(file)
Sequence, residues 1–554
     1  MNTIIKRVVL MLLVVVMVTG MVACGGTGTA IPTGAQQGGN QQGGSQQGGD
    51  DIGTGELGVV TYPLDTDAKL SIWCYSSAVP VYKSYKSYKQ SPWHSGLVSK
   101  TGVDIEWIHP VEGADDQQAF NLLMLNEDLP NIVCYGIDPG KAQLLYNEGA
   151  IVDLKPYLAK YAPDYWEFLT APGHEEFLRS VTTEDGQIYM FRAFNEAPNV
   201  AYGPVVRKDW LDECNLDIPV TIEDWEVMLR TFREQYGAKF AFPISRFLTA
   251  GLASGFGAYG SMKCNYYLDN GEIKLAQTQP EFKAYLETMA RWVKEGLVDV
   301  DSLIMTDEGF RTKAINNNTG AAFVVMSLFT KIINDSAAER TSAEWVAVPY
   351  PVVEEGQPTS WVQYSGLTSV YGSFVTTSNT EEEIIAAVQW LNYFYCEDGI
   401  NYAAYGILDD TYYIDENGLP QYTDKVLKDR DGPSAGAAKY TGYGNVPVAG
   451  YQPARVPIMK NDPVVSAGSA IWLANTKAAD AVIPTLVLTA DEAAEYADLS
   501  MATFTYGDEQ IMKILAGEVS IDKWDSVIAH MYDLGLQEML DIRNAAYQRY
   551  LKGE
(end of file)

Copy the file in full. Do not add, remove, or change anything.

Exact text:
Sequence, residues 1–554
     1  MNTIIKRVVL MLLVVVMVTG MVACGGTGTA IPTGAQQGGN QQGGSQQGGD
    51  DIGTGELGVV TYPLDTDAKL SIWCYSSAVP VYKSYKSYKQ SPWHSGLVSK
   101  TGVDIEWIHP VEGADDQQAF NLLMLNEDLP NIVCYGIDPG KAQLLYNEGA
   151  IVDLKPYLAK YAPDYWEFLT APGHEEFLRS VTTEDGQIYM FRAFNEAPNV
   201  AYGPVVRKDW LDECNLDIPV TIEDWEVMLR TFREQYGAKF AFPISRFLTA
   251  GLASGFGAYG SMKCNYYLDN GEIKLAQTQP EFKAYLETMA RWVKEGLVDV
   301  DSLIMTDEGF RTKAINNNTG AAFVVMSLFT KIINDSAAER TSAEWVAVPY
   351  PVVEEGQPTS WVQYSGLTSV YGSFVTTSNT EEEIIAAVQW LNYFYCEDGI
   401  NYAAYGILDD TYYIDENGLP QYTDKVLKDR DGPSAGAAKY TGYGNVPVAG
   451  YQPARVPIMK NDPVVSAGSA IWLANTKAAD AVIPTLVLTA DEAAEYADLS
   501  MATFTYGDEQ IMKILAGEVS IDKWDSVIAH MYDLGLQEML DIRNAAYQRY
   551  LKGE